COALESCE(phone_number, 'none') AS phone_number
FROM client

Which yields:

|-------------|--------------| … |
| abc000      | 1111111      | … |
| abc001      | none         | … |
| abc002      | 2222222      | … |

4. SQL Command: case

What is the SQL command case

Returns a value when specific conditions are met by data points within a larger data set.

The SQL command case is used for organizing data based on tangible parameters, generating categories or sorting data points into categories, or generating actionable information from various data.

How to use: case

Use case to generate an actionable result based on a specific parameter.

    WHEN condition1 THEN result1
    WHEN condition2 THEN result2
    WHEN conditionN THEN resultN
    ELSE result

For example, you might want to categorize each score with a short message:

   when score > 9 then 'awesome'
   when score < 5 then 'bad'
   else 'ok'
end as message

If no conditions are met, case when will result in else.

Your return would look like:

| 10    | awesome |
| 4     | bad     |
| 7     | ok      |

Real world example: case

The SQL command case can be particularly helpful in analyzing funnels, especially in mapping funnel stages and organizing client lists based on their position within a funnel.

For example, do you remember the website_intents table we showcased in the “Real world example: count(distinct)” example? Suppose we have a pageviews table that tracks the web pages visited for each session:

|------------|---------------| … |
| abc000     | /landing-page | … |
| abc001     | /landing-page2| … |
| abc002     | /checkout     | … |

Here’s what a query to get that result might look like:

           page_url_path = '/landing-page.html'
           or page_url_path = '/landing-page2.html'
           or page_url_path = '/landing-page3.html'
        ) then 1 else 0
    end as is_visit_landing_page,
           page_url_path like '/checkout%'
           or page_url_path like '/checkout-new%'
           or page_url_path like '/checkout-enterprise%'
        ) then 1 else 0
    end as is_visit_checkout,
FROM pageviews

Which yields:

|------------|---------------|-----------------------|--------------------| … |
| abc000     | /landing-page | 1                     | 0                  | … |
| abc001     | /landing-page2| 1                     | 0                  | … |
| abc002     | /checkout     | 0                     | 1                  | … |

5. SQL Command: row_number()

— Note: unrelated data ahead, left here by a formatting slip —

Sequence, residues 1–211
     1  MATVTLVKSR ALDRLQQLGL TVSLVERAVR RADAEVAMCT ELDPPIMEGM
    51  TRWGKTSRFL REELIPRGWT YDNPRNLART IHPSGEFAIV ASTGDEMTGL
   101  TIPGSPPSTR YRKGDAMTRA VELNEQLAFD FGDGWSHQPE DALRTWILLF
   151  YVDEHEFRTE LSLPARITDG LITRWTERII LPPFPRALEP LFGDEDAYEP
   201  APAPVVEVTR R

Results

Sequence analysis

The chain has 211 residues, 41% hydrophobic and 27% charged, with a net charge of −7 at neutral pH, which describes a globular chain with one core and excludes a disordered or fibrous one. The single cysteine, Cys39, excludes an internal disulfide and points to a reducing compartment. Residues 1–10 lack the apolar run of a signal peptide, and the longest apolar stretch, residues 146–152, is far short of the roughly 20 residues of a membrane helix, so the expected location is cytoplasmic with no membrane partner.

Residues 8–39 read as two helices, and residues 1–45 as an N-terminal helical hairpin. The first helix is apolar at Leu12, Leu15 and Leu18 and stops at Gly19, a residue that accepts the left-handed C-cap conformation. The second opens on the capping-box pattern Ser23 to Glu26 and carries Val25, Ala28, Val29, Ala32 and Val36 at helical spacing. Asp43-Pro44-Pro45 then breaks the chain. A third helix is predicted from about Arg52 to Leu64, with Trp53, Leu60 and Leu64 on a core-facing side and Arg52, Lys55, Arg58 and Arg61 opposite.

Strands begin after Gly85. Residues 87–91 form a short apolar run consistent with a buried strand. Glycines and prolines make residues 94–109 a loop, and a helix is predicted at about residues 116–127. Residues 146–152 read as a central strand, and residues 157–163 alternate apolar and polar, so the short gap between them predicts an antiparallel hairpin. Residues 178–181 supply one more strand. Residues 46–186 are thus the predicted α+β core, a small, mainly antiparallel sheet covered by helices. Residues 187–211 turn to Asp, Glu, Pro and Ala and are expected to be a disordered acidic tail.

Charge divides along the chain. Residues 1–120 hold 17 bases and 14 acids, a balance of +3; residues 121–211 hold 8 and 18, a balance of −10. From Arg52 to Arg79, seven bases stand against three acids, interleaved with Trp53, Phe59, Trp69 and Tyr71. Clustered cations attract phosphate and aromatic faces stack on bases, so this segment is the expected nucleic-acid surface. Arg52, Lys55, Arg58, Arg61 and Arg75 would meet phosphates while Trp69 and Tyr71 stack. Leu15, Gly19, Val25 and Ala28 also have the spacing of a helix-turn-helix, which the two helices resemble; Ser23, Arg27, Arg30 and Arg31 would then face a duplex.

What is the SQL command row_number()

Orders rows within a partition by assigning each a precise position within the sequence. It starts from 1 and numbers the rows according to the ORDER BY part of the window statement.

The SQL command row_number() is used to quickly and precisely organize information within a dataset based on parameters which you specify.

Please note that row_number() is not supported by every database.

How to use: row_number()

Use row_number() to change the sequence of a list.

    [PARTITION BY partition_column, ... ]
    ORDER BY sort_column [ASC | DESC], ...

For example, you might want to reorder a list of accounts by their creation time:

SELECT account_created_at,
       row_number() over(
           order by account_created_at
       ) as row
FROM accounts

Your return would look like:

| 1   | 2021-01-14         |
| 2   | 2021-05-09         |
| 3   | 2021-08-22         |

Real world example: “row_number()”

Analysts use row_number(), to organize the order of information in lists. For example, sorting a list of customer information to rank orders based on time to see how purchase value has changed over time. Suppose you have a table of customer information:

|------|--------------------| … |
| free | 2021-01-14         | … |
| pro  | 2021-02-20         | … |
| free | 2021-05-09         | … |
| pro  | 2021-07-24         | … |
| free | 2021-08-22         | … |

Using row_number(), we can organize the customer information based on creation time for each plan subscription:

SELECT plan,
       row_number() over(
           partition by plan
           order by account_created_at
       ) as row
FROM accounts

Your return would look like:

|------|-----|--------------------| … |
| free | 1   | 2021-01-14         | … |
| free | 2   | 2021-05-09         | … |
| free | 3   | 2021-08-22         | … |
| pro  | 1   | 2021-02-20         | … |
| pro  | 2   | 2021-07-24         | … |

Final Thoughts: Getting started with SQL Basics

With Metabase you don’t need SQL to explore data—but if you’re working on something complex, a few simple commands can take your analysis to the next level. We hope this cheatsheet gives you a few ideas of new ways to explore. If you want to add more SQL into your repertoire, check out our guide to SQL best practices.


The Metabase Team